The United States gets a certain amount of flack from the rest of the world ” and rightly so ” for some of its cultural exports. McDonalds, KFCs, and Taco Bells are in every available international nook and cranny, and Hollywood now counts a major portion of its box-office take from international markets. Throw in evangelical missionaries, the Bush years and EuroDisney, and it’s easy to understand why many across the ponds are a bit tired of our crap.
But while many of our cultural exports are the result of aggressive persuasion through marketing and other means, there are some things that cross borders and spontaneously spread more through a shared spirit of goodwill and common interest than a desire to funnel foreign currency back to the Land of Mickey Mouse.
“Planet B-Boy,” a documentary about the evolution of break dancing, tells the story of one such grassroots adoption of a distinctly American art form, and how it has come to belong more to the world than the country that created it. The film screens Friday through Sunday at the Oklahoma City Museum of Art.
The story centers on the Battle of the Year, an annual break dancing competition held in Austria, of all places. It seems odd, given the capsulated history of break dancing, at the front of the film. In the mid- to late 1970s, disco, James Brown and boredom came together in Brooklyn, N.Y., and, in one of those moments of cultural mutation that gave us the blues, rock ‘n’ roll and Christina Aguilera, produced hip-hop. One arm of the hip-hop movement ” which also included graffiti, rap, and DJing ” was break dancing, the practitioners of which were known as b-boys.
CORPORATE BRANDING EXPLOITATION
As often happens with anything remotely new or unique in America, break dancing went through a short period of corporate branding exploitation that included movies, books, magazines, records, posters, shoes, T-shirts, socks, tea cozies, hats, mugs, pencil erasers, underpants, Happy Meals and practically anything else you can think of. The fad reached apex around 1984, after which the school kids who drove it moved on to Nintendo, skateboarding and puberty.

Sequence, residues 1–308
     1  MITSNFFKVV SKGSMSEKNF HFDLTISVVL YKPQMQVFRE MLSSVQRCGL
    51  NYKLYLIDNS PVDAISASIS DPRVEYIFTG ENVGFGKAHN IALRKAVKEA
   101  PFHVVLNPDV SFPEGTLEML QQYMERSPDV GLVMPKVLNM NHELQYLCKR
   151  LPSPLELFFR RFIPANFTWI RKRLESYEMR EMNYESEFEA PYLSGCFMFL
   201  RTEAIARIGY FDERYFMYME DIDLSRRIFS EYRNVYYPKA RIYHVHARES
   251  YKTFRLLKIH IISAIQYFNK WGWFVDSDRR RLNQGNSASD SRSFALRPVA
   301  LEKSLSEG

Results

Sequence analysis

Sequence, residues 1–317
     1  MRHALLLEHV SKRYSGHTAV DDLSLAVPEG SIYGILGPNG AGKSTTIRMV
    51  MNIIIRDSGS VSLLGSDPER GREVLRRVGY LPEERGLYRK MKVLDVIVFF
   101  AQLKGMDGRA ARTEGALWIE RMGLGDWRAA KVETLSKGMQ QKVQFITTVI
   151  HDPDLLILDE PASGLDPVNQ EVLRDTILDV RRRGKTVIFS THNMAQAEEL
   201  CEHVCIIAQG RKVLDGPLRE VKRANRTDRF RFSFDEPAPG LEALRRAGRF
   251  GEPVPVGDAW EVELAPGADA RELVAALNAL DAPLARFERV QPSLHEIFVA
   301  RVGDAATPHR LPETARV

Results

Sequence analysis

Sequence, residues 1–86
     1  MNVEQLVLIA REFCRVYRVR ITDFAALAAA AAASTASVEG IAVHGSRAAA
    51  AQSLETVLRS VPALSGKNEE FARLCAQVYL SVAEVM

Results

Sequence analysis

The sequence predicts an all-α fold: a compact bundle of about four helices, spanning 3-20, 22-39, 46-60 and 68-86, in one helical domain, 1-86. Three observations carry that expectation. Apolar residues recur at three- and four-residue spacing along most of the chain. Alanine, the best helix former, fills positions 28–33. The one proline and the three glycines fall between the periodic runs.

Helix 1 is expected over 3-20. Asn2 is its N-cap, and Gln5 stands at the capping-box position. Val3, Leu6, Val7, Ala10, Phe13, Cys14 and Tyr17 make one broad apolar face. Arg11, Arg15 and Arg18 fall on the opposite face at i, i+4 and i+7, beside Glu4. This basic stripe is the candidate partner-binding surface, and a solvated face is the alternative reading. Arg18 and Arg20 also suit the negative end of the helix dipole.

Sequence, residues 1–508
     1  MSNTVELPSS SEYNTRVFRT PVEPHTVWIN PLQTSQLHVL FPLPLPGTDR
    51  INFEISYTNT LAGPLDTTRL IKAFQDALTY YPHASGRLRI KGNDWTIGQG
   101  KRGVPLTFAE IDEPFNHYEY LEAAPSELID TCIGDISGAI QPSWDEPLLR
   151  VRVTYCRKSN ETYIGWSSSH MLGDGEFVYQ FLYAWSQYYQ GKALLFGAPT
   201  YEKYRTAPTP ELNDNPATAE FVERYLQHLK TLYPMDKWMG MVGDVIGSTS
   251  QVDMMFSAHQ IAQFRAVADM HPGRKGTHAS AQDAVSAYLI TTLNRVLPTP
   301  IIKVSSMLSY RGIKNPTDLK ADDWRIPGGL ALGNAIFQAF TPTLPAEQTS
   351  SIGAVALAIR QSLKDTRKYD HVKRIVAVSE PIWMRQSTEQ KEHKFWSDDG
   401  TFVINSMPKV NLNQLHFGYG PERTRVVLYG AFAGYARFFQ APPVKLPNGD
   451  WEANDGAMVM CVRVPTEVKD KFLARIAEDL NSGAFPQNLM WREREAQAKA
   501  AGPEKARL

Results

After the hype around break dancing died down, rap became the real rainmaking force in hip-hop culture, a state of affairs that continues to this day. The b-boys old and young interviewed for “Planet B-Boy” seem relieved to be out of the glaring spotlight their passion was under back in the day, but still a bit resentful of rap and the image it has propagated over the years.
While rap is about swagger, respect and self-expression, b-boying seems to be more about gymnastics, choreography and self-expression. In other words, the two overlap, but it’s made clear that the images don’t line up with each other.
This is perhaps why b-boying, as they call it, has spread over the entire world ” literally. While rap’s subject matter tends to translate poorly to other cultures (have you ever heard French or Chinese rap?), dance translates well almost everywhere.
2005 BATTLE OF THE YEAR
“Planet B-Boy” documents the teams competing for the 2005 Battle of the Year break dancing championship, focusing on two teams from South Korea ” one of which is the reigning champion ” a team from France, one from Japan and one lone U.S. team, from Las Vegas. In the film’s periphery are teams from South Africa, China, Taiwan, Belgium, Italy and all points between.
For the young men who make up the vast majority of break dance crews (there’s one young woman interviewed in the entire movie), this is super-important stuff. Most of them come from repressive, conformist societies and almost all of them come from poor socioeconomic backgrounds. The Asian dancers have cultural and familial pressures to deal with, while the French dancers ” most of whom are African immigrants ” have to deal with the prospect of going back to nothing if they lose.
Only the Americans have the luxury of wanting to win solely for the prestige of bringing the championship back to its roots.
While the dancing itself is amazing to watch, the real story here is how reverence for break dancing’s freedom of form and aesthetic crosses geographic and cultural borders. Most of the dancers don’t speak the same language, but communication is always clear.
At times, the group dancing reminds one of choreographed cheerleading competitions, but whatever “Let’s put on a show!” goofiness attached to the proceedings is eclipsed by real human drama. “Mike Robertson